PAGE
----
Don Pearson (12/01/1950 / England)
I greet my neighbour, as I always do,
leaning over the boundary fence,
calling out a few words
or giving a cheery wave.
He responds, if at all,
with a smile from his aged tombstone mouth
and a stare as still and cold as a jewel.
Even after all these years,
we have no more communication than this,
no language in common.
There are no shared experiences to be suborned,
no friendship or loyalties to be subverted,
but he will not turn against me
for belief, for high ideals
or because I have a beard.
He will act as nobody’s puppet.
We understand our roles
in each other’s lives
and I can trust him implicity.
He does have savagery in him.
Were I to cross our borders,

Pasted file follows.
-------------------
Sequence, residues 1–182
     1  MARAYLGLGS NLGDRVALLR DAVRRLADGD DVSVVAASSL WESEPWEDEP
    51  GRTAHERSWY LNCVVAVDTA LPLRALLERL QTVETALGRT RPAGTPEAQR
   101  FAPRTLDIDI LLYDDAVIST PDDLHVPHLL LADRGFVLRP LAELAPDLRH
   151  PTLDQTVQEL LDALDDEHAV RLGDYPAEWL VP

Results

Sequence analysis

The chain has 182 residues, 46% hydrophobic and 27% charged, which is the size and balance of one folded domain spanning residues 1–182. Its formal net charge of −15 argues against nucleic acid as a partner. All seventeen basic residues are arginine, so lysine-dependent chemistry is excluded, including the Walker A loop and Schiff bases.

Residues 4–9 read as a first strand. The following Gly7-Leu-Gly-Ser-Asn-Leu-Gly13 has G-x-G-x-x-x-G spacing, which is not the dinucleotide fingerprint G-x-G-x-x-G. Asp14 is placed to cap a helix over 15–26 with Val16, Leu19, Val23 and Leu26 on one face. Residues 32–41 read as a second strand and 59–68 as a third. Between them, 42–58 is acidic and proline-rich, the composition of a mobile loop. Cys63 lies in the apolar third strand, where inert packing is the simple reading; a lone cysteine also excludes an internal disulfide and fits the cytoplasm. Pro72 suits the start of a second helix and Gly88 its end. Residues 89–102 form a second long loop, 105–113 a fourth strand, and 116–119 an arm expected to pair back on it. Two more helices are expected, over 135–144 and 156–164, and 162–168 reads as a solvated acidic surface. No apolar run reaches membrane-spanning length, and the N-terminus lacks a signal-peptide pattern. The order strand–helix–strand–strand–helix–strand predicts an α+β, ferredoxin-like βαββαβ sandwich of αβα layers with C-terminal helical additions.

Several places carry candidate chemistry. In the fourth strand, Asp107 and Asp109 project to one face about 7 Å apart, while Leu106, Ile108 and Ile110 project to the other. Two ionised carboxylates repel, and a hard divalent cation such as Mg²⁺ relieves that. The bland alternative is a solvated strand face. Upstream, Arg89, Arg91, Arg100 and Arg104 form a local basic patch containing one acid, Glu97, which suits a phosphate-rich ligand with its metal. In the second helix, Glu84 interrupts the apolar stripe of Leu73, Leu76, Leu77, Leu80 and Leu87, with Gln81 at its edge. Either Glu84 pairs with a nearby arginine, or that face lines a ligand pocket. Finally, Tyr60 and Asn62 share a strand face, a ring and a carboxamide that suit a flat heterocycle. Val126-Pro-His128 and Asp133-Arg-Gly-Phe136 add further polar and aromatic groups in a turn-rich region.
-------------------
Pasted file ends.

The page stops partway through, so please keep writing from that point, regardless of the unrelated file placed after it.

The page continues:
and he hungry or threatened,
he would kill me without hesitation,
but also without that
particularly human ferocity,
without malice or dicrimination,
There could be no negotiation,
no reference to treaties, no entreaties.
Within his compass there is
no capacity for mercy,
he could admit no guilt
about my death.
Today, he ignores me,
subsiding gently beneath the water,
elemental in his element,
his armoured body
an invisible ambush,
eyes and nostrils alone
puncturing the surface.
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